Mark Ritson states that “most of the companies big enough to afford an Olympic sponsorship and desperate enough to seek out global recognition are those most in need of reputational rescue” such as Dow Chemical, BP, and Lloyds TSB (MW 1 December).
Does this logic also apply to McDonald’s, Coca-Cola, Acer, Atos, GE, Omega, Panasonic, P&G, Samsung and Visa (as Worldwide Olympic sponsors)?
Dow Chemical has been unfairly tagged for its £7m funding for the Olympic Stadium’s fabric wrap while the company is being vilified for the Bhopal disaster. As Ritson points out, Dow acquired Union Carbide 16 years after the accident and after compensation had been paid. Perhaps the publicity surrounding Dow’s sponsorship may finally confront the disaster and secure in people’s minds that Dow’s mission is to combine the power of science and technology with the “human element” to innovate what is essential to human progress.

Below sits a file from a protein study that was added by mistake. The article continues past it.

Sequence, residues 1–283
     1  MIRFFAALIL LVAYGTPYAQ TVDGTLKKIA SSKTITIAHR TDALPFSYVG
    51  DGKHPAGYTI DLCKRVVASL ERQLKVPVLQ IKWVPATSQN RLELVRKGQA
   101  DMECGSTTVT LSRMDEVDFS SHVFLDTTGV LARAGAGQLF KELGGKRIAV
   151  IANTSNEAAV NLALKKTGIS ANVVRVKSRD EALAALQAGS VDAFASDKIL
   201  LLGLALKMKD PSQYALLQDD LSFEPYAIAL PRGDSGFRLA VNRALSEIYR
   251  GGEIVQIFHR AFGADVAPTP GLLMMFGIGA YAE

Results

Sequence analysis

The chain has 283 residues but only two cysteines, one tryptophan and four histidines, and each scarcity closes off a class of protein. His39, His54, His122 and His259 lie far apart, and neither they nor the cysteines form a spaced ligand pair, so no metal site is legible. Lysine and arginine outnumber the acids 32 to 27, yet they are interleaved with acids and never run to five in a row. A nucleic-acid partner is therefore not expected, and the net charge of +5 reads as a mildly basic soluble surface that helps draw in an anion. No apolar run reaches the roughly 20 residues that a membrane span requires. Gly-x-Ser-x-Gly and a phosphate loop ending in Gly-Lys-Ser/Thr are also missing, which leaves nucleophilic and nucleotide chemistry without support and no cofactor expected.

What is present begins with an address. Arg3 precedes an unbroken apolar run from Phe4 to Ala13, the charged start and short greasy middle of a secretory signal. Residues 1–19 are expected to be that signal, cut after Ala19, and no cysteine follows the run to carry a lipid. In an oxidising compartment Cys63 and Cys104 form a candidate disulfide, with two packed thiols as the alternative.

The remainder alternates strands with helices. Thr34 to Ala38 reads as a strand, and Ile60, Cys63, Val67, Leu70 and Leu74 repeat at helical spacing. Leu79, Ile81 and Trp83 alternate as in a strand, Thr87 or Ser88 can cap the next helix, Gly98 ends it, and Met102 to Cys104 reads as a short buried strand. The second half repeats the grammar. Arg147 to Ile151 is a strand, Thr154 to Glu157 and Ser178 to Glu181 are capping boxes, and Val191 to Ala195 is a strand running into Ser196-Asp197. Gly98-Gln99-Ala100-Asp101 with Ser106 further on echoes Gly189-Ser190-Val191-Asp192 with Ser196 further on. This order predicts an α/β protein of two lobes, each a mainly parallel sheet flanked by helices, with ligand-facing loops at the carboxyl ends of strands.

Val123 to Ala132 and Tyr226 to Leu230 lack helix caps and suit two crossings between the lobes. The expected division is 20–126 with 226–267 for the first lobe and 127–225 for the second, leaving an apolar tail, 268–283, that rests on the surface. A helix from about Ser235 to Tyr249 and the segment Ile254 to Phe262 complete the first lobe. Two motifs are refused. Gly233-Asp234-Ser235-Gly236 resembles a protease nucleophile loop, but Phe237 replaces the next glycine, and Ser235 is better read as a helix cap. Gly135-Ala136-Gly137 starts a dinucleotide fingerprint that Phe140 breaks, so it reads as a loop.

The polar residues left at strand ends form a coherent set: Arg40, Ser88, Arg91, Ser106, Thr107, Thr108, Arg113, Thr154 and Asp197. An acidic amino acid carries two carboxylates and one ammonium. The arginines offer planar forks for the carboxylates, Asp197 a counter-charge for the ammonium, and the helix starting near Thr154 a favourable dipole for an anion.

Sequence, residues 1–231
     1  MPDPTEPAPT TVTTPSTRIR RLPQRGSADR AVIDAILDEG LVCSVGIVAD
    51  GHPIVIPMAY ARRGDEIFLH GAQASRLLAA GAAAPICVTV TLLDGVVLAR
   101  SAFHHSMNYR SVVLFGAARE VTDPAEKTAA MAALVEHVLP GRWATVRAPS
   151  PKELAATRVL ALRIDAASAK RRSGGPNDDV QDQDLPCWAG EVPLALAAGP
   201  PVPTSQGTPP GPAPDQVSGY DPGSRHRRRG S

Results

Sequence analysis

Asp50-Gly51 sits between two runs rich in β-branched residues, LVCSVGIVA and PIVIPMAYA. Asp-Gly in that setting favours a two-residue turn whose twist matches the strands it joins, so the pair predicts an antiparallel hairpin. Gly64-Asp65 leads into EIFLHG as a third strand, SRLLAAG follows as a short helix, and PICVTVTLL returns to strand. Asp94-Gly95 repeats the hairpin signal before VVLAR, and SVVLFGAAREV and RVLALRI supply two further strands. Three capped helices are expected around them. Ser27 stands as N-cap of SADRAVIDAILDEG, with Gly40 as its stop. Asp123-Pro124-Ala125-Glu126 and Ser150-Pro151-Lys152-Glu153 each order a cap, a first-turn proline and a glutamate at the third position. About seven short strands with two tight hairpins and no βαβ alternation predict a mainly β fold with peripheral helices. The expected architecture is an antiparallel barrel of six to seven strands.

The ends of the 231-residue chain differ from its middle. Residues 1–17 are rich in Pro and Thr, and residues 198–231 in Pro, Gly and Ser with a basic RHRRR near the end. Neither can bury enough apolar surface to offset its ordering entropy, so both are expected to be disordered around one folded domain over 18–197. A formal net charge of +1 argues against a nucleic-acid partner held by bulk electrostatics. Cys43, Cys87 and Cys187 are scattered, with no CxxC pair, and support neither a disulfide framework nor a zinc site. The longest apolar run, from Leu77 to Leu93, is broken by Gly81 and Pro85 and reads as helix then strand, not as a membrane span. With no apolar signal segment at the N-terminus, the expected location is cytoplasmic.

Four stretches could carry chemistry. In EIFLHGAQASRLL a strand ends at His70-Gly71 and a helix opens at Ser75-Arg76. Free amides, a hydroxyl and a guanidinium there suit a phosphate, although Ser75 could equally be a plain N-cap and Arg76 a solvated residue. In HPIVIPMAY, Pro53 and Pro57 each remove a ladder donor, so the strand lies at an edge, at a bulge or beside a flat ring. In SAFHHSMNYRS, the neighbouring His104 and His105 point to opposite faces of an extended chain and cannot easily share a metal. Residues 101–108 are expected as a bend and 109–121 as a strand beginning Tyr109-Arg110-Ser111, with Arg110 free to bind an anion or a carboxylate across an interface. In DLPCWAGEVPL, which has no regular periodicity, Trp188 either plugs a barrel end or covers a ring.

For example, Dow’s sponsorship will connect its innovation with the principles of sustainability by producing a fabric wrap that can be repurposed following the event.
While Ritson criticises the IOC for accepting sponsorships from companies that have faced adversity, my view is that Olympic sponsorship is a responsible commitment to all of a company’s stakeholders. The Olympics are a rare opportunity to bring a very fragmented, yet global audience together to further marketing strategy, and helps to ensure the continuity of the Games – a rarely seen non-partisan apolitical fusion of people from all over the entire world.
Brand Finance USA